In a response model, just because something is positively correlated doesn’t necessarily mean that people with those attributes will even be mailed. Because of the complexity of the interactions, other variables on that same individual could cause them to drop down as an ideal candidate. Also, there is a chance that all the records with a slight positive correlation on one particular variable could all fall below the score threshold for the mailing. Pre-selections are actually much more discriminatory as they result in an absolute; no matter what the person or household’s other attributes indicate, they can be excluded based on just the single variable. Because of this, always use pre-selects (or parameters) with great care and consideration.
As mentioned in yesterday’s blog, we are using insurance policy mailings as our example. For example, a hospital accident policy is a product that is designed to have the broadest appeal with people of average financial means during their active earning years. More affluent households typically have stronger insurance coverage, more savings and disposable income to deal with emergency expenses, and more reserves to handle emergency medical care and loss of income. It is a product that was developed to meet the needs of people with an income of modest to average financial health often living paycheck to paycheck (which is projected to be a significant portion of the U.S. population).
Because of the very nature and purpose of the product, income will be a factor in targeting and marketing this product whether modeling is used or not. The model is entrusted with finding the group with slightly below average but not rock bottom income and financial health. It is also designed to meet the needs of wage earners, which often fall in certain age groups. Younger consumers are not likely to want or need the product.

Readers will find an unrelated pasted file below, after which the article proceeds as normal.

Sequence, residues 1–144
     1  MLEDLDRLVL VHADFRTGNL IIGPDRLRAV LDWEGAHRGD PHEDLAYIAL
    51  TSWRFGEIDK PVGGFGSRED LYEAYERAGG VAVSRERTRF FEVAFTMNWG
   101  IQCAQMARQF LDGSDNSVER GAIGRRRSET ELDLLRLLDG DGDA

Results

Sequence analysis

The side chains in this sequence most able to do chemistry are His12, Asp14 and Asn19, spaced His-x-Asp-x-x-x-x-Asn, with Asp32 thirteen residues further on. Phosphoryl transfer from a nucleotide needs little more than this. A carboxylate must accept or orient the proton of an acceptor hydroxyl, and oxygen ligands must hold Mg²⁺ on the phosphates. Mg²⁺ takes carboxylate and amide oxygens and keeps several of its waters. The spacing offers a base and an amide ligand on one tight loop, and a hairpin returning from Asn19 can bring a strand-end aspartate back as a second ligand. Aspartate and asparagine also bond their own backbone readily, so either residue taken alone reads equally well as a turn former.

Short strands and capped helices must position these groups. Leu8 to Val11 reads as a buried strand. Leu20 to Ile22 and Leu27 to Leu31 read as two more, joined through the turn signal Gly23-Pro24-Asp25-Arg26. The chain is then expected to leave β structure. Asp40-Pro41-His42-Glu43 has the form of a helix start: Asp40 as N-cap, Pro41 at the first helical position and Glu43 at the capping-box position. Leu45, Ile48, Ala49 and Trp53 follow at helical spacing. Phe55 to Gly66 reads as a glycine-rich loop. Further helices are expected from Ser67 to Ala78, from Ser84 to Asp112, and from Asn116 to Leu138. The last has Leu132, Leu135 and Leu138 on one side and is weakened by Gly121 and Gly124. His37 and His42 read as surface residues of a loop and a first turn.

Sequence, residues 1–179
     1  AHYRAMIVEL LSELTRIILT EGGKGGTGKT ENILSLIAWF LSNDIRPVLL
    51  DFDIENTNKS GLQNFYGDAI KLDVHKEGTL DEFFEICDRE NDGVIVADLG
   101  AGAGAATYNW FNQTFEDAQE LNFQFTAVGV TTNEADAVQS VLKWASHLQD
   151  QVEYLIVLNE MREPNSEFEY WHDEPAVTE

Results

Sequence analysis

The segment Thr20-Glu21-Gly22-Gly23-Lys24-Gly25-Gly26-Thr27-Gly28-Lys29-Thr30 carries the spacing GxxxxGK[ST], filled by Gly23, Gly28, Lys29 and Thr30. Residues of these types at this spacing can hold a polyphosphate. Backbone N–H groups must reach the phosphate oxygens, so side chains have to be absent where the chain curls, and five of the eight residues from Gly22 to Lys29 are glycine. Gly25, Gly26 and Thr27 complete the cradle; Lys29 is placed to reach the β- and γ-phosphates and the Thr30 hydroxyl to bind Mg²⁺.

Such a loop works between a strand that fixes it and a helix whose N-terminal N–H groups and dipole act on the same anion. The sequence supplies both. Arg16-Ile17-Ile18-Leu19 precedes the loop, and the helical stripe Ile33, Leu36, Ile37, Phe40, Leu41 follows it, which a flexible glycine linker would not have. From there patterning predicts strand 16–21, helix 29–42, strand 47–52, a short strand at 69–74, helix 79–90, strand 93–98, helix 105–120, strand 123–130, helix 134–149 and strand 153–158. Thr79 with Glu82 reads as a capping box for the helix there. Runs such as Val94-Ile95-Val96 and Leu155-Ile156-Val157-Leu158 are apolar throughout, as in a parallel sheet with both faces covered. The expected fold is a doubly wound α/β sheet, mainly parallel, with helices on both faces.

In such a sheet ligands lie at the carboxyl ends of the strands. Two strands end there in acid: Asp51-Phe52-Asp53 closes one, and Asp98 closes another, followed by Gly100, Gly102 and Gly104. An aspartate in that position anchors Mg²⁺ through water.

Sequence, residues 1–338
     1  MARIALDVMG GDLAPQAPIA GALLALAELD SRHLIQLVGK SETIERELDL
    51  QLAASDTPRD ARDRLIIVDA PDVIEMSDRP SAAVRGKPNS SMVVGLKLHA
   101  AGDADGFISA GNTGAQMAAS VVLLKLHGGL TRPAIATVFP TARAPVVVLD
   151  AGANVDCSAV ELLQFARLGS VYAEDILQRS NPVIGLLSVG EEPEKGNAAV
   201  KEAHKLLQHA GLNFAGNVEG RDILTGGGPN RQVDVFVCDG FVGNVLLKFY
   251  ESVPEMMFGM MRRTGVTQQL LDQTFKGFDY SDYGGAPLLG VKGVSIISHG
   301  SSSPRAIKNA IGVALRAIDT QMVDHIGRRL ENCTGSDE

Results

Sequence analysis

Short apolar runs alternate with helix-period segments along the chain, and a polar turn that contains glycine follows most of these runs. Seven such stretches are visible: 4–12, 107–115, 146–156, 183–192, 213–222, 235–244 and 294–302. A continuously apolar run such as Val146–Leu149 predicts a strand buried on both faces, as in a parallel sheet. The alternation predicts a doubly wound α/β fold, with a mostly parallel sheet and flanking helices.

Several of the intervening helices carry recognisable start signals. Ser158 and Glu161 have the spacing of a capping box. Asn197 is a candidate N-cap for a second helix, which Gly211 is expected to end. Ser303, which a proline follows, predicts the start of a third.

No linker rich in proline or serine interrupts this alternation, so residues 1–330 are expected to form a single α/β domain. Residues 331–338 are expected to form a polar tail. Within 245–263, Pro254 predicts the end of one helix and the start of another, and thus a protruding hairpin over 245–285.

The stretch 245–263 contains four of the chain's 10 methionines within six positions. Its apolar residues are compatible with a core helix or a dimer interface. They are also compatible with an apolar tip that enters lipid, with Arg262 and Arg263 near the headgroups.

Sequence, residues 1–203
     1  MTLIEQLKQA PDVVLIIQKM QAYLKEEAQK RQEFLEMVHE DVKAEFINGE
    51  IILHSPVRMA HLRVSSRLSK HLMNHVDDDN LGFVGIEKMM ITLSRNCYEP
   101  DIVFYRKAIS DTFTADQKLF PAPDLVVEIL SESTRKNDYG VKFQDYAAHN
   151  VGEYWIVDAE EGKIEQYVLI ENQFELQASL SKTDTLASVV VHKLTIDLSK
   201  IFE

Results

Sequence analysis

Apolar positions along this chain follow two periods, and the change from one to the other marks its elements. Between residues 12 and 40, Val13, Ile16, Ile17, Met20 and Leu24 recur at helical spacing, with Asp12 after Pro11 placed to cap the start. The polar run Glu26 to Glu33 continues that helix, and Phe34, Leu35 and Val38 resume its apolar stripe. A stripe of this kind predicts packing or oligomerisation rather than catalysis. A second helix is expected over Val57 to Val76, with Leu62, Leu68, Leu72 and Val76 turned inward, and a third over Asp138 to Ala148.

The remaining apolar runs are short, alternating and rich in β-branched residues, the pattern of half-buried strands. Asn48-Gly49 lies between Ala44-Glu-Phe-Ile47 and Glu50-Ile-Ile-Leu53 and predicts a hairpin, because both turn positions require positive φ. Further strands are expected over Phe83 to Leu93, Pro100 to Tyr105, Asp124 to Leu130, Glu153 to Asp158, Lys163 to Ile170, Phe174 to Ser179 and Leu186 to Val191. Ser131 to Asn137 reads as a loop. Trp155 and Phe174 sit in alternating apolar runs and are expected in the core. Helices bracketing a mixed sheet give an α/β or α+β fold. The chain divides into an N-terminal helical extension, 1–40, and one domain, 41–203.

So, as you can see, utilizing a single variable exclusively is not likely to improve your targeting sufficiently to produce your desired results. One should take into account a myriad of factors such as age, household and disposable income, mortgage rates, credit scores, households per square mile, population 25+ with a college degree… and the list goes on. The more variables you include in your modeling process, the more likely you are to ultimately be able to predict the desired behavior. When you have refined your model to include just the most predictive of those variables, the elements work in synchronicity with one another, allowing you to select the optimal targets from within your prospect universe. It’s not easy, but when you are cultivating millions of opportunities into the thousands, the more fine-tuned your model is, the greater your ROI at the end of the day.